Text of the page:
The Little Prince. Photo: Miriam Mahony
A blog by Rach Skyer for UK Theatre to mark LGBT History Month. Producer and Actor Rach Skyer is a member of the Arcola's Queer Collective, a performance collective exploring queer identity and how to present it theatrically. The group is open to anyone identifying as LGBTQI* in East London.
Theatre is about truth. The stories we tell are reflections of the world - or at least the world as we understand it. With that in mind, theatre-makers must interrogate the industry to question who benefits from the stories, which voices are missing and how we can disrupt the current state of affairs.
In approaching queer theatre, the productions on our stages are and have been notoriously lacking in diversity; disregarding the complexity of queer experiences. What the industry has failed to recognise is that there is not one defining queer narrative.
Hearing word of the Queer Collective during a five-year itch in a turbulent relationship with London, I attended an R&D workshop for an upcoming production in 2017. I found myself in a room where individuals were encouraged to be themselves, where conscientious engagement was championed; and where I could also meet another person who also enjoys pretending to be Kenneth Williams whilst doing the hoovering.
As a community theatre company for LGBTQIA+ people in East London, led by and for LGBTQIA+ people, the Queer Collective was founded in 2014 as a response to the lack of queer diversity on London stages, but also in homage to the groundbreaking community-led queer groups, many of whom were attached to theatres.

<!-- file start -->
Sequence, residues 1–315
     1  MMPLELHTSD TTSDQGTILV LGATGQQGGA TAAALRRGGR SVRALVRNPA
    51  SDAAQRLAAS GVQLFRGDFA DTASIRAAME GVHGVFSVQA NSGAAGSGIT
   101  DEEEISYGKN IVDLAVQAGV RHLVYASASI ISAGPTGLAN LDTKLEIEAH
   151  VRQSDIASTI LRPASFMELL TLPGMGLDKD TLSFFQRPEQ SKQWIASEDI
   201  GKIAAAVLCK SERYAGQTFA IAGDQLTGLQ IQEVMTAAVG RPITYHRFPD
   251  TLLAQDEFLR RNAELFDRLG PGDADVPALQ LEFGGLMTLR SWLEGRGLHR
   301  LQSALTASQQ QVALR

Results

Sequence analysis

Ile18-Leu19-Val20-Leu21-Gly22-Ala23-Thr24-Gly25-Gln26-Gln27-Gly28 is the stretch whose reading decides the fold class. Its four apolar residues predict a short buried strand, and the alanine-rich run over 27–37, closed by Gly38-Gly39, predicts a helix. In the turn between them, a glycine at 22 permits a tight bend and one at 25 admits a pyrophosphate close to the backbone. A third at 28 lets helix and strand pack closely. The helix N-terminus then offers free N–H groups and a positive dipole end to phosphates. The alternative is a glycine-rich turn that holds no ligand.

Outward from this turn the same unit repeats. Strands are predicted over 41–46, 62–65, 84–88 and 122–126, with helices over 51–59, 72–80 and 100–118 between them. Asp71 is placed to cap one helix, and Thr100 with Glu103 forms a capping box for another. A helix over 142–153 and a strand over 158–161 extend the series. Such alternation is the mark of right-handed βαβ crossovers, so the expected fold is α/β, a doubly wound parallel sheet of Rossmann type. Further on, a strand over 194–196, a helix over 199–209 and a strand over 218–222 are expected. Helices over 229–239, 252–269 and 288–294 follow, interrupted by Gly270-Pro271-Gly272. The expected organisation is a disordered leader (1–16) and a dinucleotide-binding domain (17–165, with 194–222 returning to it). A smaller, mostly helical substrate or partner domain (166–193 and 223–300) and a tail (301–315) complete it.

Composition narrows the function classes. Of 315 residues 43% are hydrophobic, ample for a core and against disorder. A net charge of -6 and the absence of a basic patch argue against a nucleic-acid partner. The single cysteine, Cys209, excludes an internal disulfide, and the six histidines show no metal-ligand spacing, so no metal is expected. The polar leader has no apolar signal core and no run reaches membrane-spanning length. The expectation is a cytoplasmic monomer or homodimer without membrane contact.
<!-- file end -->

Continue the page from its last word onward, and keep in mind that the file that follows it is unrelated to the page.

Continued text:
The Collective welcomes anyone who self-identifies as LGBTQIA+ and members comprise of actors, musicians, artists, cabaret performers, as well as others with no formal theatre or performance background. In other words: it is a smorgasbord of talent and unique voices.
Now coming into its fourth year, the Queer Collective have produced four sold-out productions so far, ranging from queering classics - such as A Midsummer Night's Dream (2015) and The Little Prince (2016) - through to revisiting the first gay plays staged in the 1920's - such as Mae West's The Drag and Edouard Bourdet's The Captive, adapted as The X (both in 2017).
What strikes me about the Collective’s work going in to their upcoming season is the eagerness to explore different experiences across the scope of the queer community; developing our own understanding in the process of bringing marginalised stories to audiences.
This year's season (starting in February at the end of LGBTQIA+ History month) will be our biggest yet with three productions, all of which re-appropriate narratives or stories from which queer people have often been excluded.
It seems appropriate then that the theme for LGBTQIA+ History month 2018 should be ‘Geography: Mapping the World’ as we hope to shine a light on underrepresented stories in a global society. Stories of people in the non-Western, and wider English-speaking world with our readings of Queer Plays from Around the World. Stories of the challenges faced by LGBT asylum seekers in the UK with Ice&Fire’s LGBTQIA+ Asylum Monologues. A celebration of Queer People of Colouras we welcome with special guests from the Cocoa Butter Club.
Taking a step forward in the challenging landscape of UK theatre, the Queer Collective are helping to build the foundations for future change. There’s a way to go. But thankfully, they do look pretty fierce in overalls.
View the LGBT+ History Month calendar here to see what’s happening where you are. If you have an event, put it up on our calendar. Check out the OUTing the Past National LGBT History Festival hubs during February to find out which one you can attend.